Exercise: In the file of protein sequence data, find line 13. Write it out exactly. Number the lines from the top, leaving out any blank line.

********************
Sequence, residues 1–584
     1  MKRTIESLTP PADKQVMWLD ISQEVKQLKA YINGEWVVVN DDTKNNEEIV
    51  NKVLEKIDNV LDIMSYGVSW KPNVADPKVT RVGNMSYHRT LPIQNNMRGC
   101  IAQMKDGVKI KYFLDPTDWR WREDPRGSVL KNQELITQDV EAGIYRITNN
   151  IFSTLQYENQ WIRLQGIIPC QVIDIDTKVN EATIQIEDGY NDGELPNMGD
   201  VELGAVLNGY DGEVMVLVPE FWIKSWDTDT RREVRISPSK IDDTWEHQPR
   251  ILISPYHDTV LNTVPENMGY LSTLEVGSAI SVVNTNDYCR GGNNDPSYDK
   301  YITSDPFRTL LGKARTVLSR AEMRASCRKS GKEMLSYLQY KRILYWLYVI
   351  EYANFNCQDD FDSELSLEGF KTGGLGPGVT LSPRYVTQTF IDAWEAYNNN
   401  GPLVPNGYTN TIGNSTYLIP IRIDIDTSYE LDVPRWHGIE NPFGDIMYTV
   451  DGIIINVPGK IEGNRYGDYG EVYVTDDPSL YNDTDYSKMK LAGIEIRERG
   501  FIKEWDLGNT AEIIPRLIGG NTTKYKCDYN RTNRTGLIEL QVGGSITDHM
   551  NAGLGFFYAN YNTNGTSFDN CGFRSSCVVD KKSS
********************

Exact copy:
   551  NAGLGFFYAN YNTNGTSFDN CGFRSSCVVD KKSS